Development of an enhanced infrastructure, including creation of a new Conflict of Interest Review Committee, responsible for education, oversight, and enforcement of Partners policies and practices in regard to industry interactions.

The system plans to adopt revised policies and procedures by October 1, 2009 and acknowledges that a significant training and education program will be necessary during the roll-out of these changes.  The 30 page report details the commissions charge, its process, its internal review, external factors and recommendations. The press release link is below.

CommissionPressRelease_PartnersHealthCare2009.pdf (application/pdf Object).

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Filed under: Conflicts of Interest, Drug Policy, Fraud and Abuse, Health Law, Reform, , , ,

Health Law Reporter – Economy Increases False Claims Risk, Requiring Greater Focus on Compliance

In the most recent BNA Health Law Reporter, Health Law Reporter. 18 HLR 387, there was an article opining that harder economic times increases FCA qui tam and, in general, healthcare compliance risks.  I found the following notable summary of reasons that compliance programs do not work as well as intended (taken from the BNA article, which, in turn takes from a February 11, 2009 presentation to the AHLA by Patrick S. Coffey, Chris J. Mollet, University of Illinois at Chicago, and Linda A. Wawzenski, assistant U.S. attorney for the Northern District of Illinois):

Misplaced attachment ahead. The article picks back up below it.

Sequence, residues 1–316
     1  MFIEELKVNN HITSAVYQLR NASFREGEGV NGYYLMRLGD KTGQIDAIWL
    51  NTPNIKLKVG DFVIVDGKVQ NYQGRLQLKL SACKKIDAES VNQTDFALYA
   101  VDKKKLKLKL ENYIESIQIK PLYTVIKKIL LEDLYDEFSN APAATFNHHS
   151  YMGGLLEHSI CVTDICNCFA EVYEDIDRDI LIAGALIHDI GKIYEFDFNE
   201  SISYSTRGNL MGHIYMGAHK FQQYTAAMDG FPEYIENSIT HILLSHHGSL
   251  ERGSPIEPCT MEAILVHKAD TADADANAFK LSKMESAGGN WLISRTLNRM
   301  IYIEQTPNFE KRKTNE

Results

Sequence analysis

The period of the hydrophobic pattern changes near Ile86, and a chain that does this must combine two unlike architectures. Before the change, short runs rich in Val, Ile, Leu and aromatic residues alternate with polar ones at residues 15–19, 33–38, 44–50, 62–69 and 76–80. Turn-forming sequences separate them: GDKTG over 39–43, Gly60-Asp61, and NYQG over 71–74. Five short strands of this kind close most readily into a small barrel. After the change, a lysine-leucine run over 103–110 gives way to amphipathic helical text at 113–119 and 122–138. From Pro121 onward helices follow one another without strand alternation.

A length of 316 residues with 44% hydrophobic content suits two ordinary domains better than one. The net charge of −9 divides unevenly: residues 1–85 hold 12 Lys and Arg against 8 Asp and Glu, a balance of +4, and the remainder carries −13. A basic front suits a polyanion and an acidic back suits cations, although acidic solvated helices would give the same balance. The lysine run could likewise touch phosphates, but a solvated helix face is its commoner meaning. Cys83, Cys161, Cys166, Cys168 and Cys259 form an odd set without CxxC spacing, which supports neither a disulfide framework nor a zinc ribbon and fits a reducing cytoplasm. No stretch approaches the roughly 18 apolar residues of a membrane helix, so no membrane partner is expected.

• Compliance is not a business priority;
• Programs do not operate as written and do not focus on heading off claims;
• Employee training is dull and ineffective;
• There is a lack of ongoing and meaningful risk assessment;
• Hotlines are not sufficiently promoted;
• Employees do not trust the compliance commitment so do not report concerns, while managers do not understand why this is so;
• Significant enforcement settlements are ignored or quickly forgotten;
• Organizations are not prepared to handle internal investigations and routinely mishandle internal reports;
• Disgruntled employees are dismissed and whistleblowers are not protected; and